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As of Friday morning, all signs pointed in the direction of Chipper Jones’ inevitable retirement. Jones suffered a season-ending torn ACL injury a little over a week ago, in what he already declared his final season.
I had my article outline set and ready to go. I would write a nostalgic article on Chipper’s career, filled with complementary statistics and personality praises. I envisioned the piece having a strong resemblance to the one I wrote after Ken Griffey Jr’s announced retirement from baseball earlier this the season.
By Friday night though, I had to completely scratch that idea and start anew. Chipper Jones was planning a rehab stint, in order to allow him to return to the Braves for the 2011 Spring Training and end his career on his own terms.
I am a lifelong Mets fan and I could not be happier.
Jones has spent the last 17 years making my team miserable, piling up over 40 home runs and dominating them for much of his career.
I used to be proud to say that throughout the second half of the1990’s and earlier 2000’s, I was one of the many New York Mets fans to take part in the taunting “Laaaarrryy, Laaaarrryy” chant that would rock Shea Stadium every time Chipper would come up to bat.
In retrospect, I’ve realized that we were hazing not only one of the best players of our generation, but also one of the most professional and admirable. If the only bad thing us Mets fans could find to make fun of Jones about was the fact that his first name is Larry, then there must not be many bad things about him at all.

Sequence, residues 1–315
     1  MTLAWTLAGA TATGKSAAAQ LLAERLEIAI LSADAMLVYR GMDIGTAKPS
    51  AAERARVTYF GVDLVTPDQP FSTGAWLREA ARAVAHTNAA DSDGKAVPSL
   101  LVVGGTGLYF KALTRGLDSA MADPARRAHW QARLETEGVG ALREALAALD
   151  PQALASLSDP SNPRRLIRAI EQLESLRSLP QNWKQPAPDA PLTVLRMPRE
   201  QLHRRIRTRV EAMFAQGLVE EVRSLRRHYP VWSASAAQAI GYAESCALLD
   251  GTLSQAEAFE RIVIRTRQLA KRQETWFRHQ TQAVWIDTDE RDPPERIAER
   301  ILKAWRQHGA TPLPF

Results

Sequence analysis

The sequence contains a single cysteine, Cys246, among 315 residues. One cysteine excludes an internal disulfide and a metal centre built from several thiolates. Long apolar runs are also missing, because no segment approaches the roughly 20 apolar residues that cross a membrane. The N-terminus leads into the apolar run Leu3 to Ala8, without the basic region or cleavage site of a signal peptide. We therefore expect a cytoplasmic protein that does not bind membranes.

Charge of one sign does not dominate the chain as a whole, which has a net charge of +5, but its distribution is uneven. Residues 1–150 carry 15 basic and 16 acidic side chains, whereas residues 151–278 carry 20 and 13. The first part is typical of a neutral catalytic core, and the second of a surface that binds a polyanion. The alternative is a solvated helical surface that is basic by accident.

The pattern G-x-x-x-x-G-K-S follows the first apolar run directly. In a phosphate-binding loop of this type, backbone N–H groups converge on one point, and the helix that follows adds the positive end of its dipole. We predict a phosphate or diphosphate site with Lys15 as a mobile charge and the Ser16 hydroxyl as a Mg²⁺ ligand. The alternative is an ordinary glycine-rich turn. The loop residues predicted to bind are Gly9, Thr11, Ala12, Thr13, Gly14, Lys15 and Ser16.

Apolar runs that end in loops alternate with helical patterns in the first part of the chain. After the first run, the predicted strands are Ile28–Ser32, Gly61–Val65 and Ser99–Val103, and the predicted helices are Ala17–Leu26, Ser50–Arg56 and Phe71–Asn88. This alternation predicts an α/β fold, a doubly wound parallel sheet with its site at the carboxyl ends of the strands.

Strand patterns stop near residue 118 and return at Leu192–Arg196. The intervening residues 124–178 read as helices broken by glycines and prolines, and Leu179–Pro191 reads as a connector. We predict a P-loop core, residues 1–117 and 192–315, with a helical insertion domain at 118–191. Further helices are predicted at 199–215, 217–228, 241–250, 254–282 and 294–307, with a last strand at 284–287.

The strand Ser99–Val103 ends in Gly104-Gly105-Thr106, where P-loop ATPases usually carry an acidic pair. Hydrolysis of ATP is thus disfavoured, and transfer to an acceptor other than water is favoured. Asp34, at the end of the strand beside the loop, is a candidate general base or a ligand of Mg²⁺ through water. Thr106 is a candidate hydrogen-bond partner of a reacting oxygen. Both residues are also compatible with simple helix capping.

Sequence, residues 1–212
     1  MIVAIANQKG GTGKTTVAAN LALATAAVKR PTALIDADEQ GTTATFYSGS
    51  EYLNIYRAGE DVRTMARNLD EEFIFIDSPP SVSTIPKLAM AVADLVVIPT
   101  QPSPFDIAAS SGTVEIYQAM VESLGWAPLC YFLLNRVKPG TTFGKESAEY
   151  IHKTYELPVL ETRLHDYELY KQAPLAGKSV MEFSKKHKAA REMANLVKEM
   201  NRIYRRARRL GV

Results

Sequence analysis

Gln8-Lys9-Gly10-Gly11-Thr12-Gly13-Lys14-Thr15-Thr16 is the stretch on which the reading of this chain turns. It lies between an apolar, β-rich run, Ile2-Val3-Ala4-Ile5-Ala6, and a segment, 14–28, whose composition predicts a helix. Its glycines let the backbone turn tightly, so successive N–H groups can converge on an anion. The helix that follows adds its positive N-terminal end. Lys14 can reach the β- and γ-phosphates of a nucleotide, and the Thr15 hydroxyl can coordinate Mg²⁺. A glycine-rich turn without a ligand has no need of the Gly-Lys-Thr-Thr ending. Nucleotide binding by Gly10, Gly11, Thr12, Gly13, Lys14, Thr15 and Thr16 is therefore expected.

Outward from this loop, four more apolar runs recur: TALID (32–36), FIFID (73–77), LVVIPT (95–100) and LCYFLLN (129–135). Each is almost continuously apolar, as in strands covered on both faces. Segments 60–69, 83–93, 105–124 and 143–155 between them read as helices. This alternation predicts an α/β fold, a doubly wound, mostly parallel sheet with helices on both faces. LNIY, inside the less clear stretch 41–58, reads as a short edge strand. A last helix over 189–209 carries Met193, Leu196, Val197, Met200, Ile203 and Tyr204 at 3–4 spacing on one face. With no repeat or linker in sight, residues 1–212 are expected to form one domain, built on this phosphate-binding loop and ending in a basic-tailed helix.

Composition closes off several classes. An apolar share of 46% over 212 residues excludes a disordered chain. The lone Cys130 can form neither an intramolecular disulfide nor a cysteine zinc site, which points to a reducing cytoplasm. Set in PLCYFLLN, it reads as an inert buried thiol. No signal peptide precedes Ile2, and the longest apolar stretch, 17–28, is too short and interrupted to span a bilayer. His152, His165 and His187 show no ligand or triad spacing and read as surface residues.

In an era where players’ celebrity overrides the purity of the team-first mentality in sports, there are only a handful of players that separate themselves from the pack and conduct themselves in a manner to earn the respect of everyone they come in contact with.
Chipper Jones was and still is one of those players.
He has been the image of consistency over nearly the last two decades, playing in at least 150 games for eight straight seasons from 1996-2003 and only missed significant time to injuries twice before in his career.
Because of his lengthy career, Jones’ legacy has not yet been decided, but when all is said and done, an argument can be made for him to be mentioned in the same breath as the Tony Gwynn’s and Cal Ripken Jr’s of our generation.
Not only has Jones spent his entire professional career on the same team, a rarity in today’s sports world, like Gwynn and Ripken, but also like them he has left his mark on baseball history. If Chipper’s career ended today, he would finish with a 1995 World Series Championship. a career .306 batting average, a Gold Glove and would rank third all-time in home runs hit by a switch hitter, behind Hall of Famers Mickey Mantle and Eddie Murray.
Jones’ clean image is just as impressive as his talents. He represents blue-collar America, working hard day in-day out, never stepping out of line and balancing his competitive nature with respectful sportsmanship.
Hopefully Chipper will have a successful rehab and be able to return to his rightful place in 2011, playing third base for the Atlanta Braves.
If he does not though, I’m glad I can say I got to see Chipper Jones play.